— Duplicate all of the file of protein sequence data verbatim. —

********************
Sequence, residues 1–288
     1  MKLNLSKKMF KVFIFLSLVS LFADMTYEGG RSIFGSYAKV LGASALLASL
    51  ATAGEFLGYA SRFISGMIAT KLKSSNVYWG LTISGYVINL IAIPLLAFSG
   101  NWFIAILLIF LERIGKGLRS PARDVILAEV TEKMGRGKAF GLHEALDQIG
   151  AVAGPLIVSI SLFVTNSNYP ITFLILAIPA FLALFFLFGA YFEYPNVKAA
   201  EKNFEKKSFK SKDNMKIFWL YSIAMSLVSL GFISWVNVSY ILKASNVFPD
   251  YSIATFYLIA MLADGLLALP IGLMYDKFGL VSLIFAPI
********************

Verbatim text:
Sequence, residues 1–288
     1  MKLNLSKKMF KVFIFLSLVS LFADMTYEGG RSIFGSYAKV LGASALLASL
    51  ATAGEFLGYA SRFISGMIAT KLKSSNVYWG LTISGYVINL IAIPLLAFSG
   101  NWFIAILLIF LERIGKGLRS PARDVILAEV TEKMGRGKAF GLHEALDQIG
   151  AVAGPLIVSI SLFVTNSNYP ITFLILAIPA FLALFFLFGA YFEYPNVKAA
   201  EKNFEKKSFK SKDNMKIFWL YSIAMSLVSL GFISWVNVSY ILKASNVFPD
   251  YSIATFYLIA MLADGLLALP IGLMYDKFGL VSLIFAPI